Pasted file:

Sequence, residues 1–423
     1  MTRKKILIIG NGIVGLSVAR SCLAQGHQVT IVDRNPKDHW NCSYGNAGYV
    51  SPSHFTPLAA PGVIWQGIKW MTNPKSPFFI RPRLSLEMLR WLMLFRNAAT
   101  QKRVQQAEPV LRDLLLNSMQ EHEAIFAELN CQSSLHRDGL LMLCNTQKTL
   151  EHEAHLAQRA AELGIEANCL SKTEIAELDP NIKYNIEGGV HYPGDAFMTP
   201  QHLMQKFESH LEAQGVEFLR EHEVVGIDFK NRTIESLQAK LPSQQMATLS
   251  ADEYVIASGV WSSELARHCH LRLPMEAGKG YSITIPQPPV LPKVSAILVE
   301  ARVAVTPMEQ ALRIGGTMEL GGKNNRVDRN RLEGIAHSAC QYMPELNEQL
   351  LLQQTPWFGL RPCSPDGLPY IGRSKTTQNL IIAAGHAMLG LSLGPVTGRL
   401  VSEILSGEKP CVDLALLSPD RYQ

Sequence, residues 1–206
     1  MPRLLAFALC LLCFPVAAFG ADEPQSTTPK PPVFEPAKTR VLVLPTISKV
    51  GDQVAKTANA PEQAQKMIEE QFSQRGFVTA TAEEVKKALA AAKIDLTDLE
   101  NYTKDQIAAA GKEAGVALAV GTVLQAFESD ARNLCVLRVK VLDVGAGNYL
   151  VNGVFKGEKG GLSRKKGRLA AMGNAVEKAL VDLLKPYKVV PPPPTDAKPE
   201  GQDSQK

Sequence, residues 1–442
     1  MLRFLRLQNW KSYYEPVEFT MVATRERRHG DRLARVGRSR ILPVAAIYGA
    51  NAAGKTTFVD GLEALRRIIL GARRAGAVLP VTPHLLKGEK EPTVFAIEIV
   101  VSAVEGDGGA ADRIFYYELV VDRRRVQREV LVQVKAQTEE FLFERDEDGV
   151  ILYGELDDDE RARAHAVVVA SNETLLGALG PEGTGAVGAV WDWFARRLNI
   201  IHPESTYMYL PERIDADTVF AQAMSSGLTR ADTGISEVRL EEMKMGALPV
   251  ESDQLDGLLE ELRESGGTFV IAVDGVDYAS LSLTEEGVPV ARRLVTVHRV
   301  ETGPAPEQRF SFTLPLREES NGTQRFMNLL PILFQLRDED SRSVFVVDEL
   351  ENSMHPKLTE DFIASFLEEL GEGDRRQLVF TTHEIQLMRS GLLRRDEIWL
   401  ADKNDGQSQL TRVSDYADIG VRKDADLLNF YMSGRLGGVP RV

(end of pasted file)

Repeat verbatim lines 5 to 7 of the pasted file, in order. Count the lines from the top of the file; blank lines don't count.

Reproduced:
   151  EHEAHLAQRA AELGIEANCL SKTEIAELDP NIKYNIEGGV HYPGDAFMTP
   201  QHLMQKFESH LEAQGVEFLR EHEVVGIDFK NRTIESLQAK LPSQQMATLS
   251  ADEYVIASGV WSSELARHCH LRLPMEAGKG YSITIPQPPV LPKVSAILVE